Emmanuelle de Champs

CY Cergy Paris Université

Emmanuelle de Champs is professor in British History and Civilisation at CY Cergy Paris Université (France), and a member of laboratoire AGORA. She specialises in in Bentham studies. Her first book focused on Bentham’s political and constitutional thought (La déontologie politique, ou la pensée constitutionnelle de Jeremy Bentham, Droz, Geneva, 2008). A second monograph explored Bentham’s connections with France from the Enlightenment to the July Revolution of 1830 (Enlightenment and Utility, Bentham in France, Bentham in French, Cambridge University Press, 2015). She has studied Bentham alongside other figures of the European Enlightenment, such as Cesare Beccaria, Germaine de Staël, Etienne Dumont and Nicolas de Condorcet. She is now focusing on the development of utilitarianism in radical politics in the period 1820-1840, with a specific focus on gender issues and women utilitarian philosophers. She is also interested in the possibilities offered by the digital humanities to promote and study manuscript sources, for instance with the “Testaments de Poilus” crowdsourcing project, which led to a digital edition of nearly 1000 wills by French First World War soldiers in cooperation with the French National Archives (Paris, Val d’Oise, Yvelines). 

Stephen Clucas 

Birkbeck, University of London

Dr Stephen Clucas is Reader in Early-Modern Intellectual History at Birkbeck, University of London. Stephen Clucas has devoted a considerable amount of his career to research into John Dee, including the edited collection John Dee: Jnterdsciplinary Studies in English Renaissance Thought (2006), two special issues of Ambix on Dee’s Monas Hieroglyphica (2005 and 2017), and several book chapters and articles in journals such as Studies in History and Philosophy of Science and Aries. He was previously editor of Intellectual History Review.

Julie Davies 

University of Münster

Julie Davies completed her PhD at the University of Melbourne and published her first monograph Science in an Enchanted World: Philosophy and Witchcraft in the Work of Joseph Glanvill in 2018. This work explores the intricate development of Glanvill’s Saducismus triumphatus (1681) and how Glanvill’s roles as theologian, philosopher and advocate for the Royal Society of London converged in its pages. Ongoing research interests include dialogues between religion, science, philosophy and culture with a particular interest in debates about witchcraft and the supernatural, the experimental method, nature and pre-Linnean botany. Previously a research assistant at the University of Melbourne’s ARC Centre of Excellence for the History of Emotions and fellow at the Herzog August Bibliothek, Wolfenbüttel, she is now Academic Editor for the Humanities at the University of Münster and lectures in English for International Business at the University of Paderborn. Other publications include: “Botanizing at Badminton House” in Domesticity and the Making of Modern Science and “German receptions of the works of Joseph Glanvill” in the IHR. She also published A World Enchanted: Magic and the Margins with Michael Pickering and is continuing her work on female botanists, Glanvill and anti-atheism.

Howard Hotson 

University of Oxford

Howard Hotson is Professor of Early Modern Intellectual History at the University of Oxford and a Fellow of St Anne’s College. His interests range widely over the histories of science, philosophy, religion, education, and communication in the early modern period, focusing especially on the traditions of further, general, and universal reformation emerging from central Europe in the periods before and during the Thirty Years War. The author, inter alia, of an intellectual biography of Comenius’s teacher, Johann Heinrich Alsted (OUP, 2000), and a survey of central European Reformed educational theory and practice (Commonplace Learning: Ramism and its German Ramifications, 1543–1630, OUP, 2007), he is currently directing an Oxford-based collaborative research project, funded by the Andrew W. Mellon Foundation, entitled Cultures of Knowledge: An Intellectual Geography of the Seventeenth-Century Republic of Letters.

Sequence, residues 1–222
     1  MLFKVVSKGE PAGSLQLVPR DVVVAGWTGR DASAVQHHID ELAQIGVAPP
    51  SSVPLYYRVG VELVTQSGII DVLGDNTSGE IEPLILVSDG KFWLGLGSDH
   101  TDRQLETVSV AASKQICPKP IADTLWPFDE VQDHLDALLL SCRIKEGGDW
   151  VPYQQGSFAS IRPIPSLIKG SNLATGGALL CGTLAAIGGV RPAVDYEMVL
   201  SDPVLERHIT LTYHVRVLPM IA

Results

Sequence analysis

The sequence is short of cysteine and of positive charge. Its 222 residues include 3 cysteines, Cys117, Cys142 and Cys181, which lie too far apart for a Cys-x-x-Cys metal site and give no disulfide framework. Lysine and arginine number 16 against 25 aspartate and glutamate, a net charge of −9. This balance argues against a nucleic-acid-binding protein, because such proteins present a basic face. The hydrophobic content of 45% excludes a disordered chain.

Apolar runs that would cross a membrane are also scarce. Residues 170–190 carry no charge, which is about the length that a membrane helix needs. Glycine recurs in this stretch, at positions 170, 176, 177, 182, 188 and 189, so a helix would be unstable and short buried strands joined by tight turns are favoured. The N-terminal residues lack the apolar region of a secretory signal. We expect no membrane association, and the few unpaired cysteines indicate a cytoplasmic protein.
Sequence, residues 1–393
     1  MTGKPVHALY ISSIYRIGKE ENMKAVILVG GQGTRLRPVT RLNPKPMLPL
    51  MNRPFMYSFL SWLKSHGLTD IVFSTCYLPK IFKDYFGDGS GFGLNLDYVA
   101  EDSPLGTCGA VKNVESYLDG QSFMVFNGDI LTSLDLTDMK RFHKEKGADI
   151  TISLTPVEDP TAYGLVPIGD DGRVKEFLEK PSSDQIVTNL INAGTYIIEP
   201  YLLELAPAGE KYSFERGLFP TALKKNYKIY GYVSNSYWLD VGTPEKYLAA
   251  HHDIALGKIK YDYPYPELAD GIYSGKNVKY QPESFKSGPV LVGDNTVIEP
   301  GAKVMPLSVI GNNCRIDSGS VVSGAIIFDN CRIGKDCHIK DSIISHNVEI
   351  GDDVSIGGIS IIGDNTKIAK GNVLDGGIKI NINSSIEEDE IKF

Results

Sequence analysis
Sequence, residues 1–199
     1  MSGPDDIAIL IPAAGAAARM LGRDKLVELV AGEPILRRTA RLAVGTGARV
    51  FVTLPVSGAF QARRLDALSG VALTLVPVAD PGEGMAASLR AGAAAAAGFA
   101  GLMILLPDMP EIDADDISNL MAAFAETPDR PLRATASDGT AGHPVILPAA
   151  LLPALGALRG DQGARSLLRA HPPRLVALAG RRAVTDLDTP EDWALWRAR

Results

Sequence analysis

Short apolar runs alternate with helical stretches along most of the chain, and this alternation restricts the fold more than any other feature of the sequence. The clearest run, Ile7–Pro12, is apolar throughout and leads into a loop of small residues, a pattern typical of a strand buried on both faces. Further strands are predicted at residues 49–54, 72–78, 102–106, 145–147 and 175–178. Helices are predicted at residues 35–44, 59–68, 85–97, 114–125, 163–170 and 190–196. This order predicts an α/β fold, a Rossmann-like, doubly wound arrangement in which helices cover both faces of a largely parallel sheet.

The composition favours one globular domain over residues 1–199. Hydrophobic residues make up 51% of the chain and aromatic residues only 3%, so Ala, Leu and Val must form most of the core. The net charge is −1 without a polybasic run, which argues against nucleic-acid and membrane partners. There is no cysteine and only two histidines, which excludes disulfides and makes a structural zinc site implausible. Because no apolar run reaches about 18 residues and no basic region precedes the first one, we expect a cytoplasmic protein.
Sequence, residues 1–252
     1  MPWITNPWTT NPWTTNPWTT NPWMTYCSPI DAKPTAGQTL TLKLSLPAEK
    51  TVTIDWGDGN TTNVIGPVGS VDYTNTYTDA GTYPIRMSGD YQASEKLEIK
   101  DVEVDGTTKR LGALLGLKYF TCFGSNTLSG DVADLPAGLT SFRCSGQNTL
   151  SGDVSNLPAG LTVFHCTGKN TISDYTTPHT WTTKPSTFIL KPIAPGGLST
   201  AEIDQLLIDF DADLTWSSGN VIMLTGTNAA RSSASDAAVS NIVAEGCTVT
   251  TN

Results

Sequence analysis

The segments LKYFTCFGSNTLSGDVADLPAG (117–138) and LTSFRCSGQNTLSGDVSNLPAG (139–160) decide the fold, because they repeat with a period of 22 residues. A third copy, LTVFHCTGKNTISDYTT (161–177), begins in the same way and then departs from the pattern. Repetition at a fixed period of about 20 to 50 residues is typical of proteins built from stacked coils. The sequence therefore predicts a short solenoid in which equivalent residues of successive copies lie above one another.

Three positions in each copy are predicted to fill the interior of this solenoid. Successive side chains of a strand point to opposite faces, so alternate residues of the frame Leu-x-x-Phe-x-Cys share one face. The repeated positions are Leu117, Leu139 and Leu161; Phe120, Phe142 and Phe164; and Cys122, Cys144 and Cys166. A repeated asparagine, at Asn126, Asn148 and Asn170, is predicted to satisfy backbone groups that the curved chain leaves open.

Michael Hunter 

Birkbeck College, University of London

Michael Hunter is Emeritus Professor of History at Birkbeck College, University of London, and a Fellow of the British Academy. For many years his chief preoccupation was Robert Boyle: he is the principal editor of Boyle’s Works (with Edward B. Davis, 14 volumes, 1999-2000), Correspondence (with Antonio Clerucuzio and Lawrence M. Principe, 6 vols., 2001) and workdiaries (with Charles Littleton, available online). He is also the author of Boyle: Between God and Science (2009), which won both the Samuel Pepys Award and the Roy G. Neville Prize in 2011, and of Boyle Studies: Aspects of the Life and Thought of Robert Boyle (2015). His numerous other books deal with various aspects of seventeenth-century intellectual history, including the early Royal Society and its milieu. In 2017 he published The Image of Restoration Science: The Frontispiece to Thomas Sprat’s ‘History of the Royal Society’ (1667) (co-authored with Jim Bennett), which also reflects the concern with the visual culture of the period that led him to set up the website, British Printed Images to 1700. His latest book is The Decline of Magic: Britain in the Enlightenment (2020).

Dana Jalobeanu 

University of Bucharest

Dana Jalobeanu is Associate Professor in Philosophy at the University of Bucharest and Director of the Humanities Division of the Institute of Research (ICUB) of the University of Bucharest. Previously, she was an Associate Professor at the Western University, Vasile Goldiș, Arad (until 2009). She also served as science editor for the BBC World Service’s Romanian Section (in London and Bucharest, 2000-2008). She had fellowships at Oxford (Balliol College), The Warburg Institute, New Europe College, Princeton University and the Max Planck Institute for History of Science, Berlin. Dana Jalobeanu is the co-founder of the Princeton Bucharest Seminar in Early Modern Philosophy and co-editor of the Journal of Early Modern Studies, as well as a member of the Oxford Francis Bacon editorial project, in charge of editing volume XIX, Francis Bacon’s Sylva Sylvarum. She is the coordinating editor of the first Romanian edition of Bacon’s philosophical works (Francis Bacon, Opere filosofice). Dana’s main research areas are early modern philosophy and the sciences, with a special focus on experimental practices and the emergence of experimental philosophy; medicine of the mind in the Renaissance and the reception of Stoicism in the 16th and 17th centuries; the interplay between philosophy, science and literature in early modern Europe (and beyond), as well as the philosophy of scientific experimentation.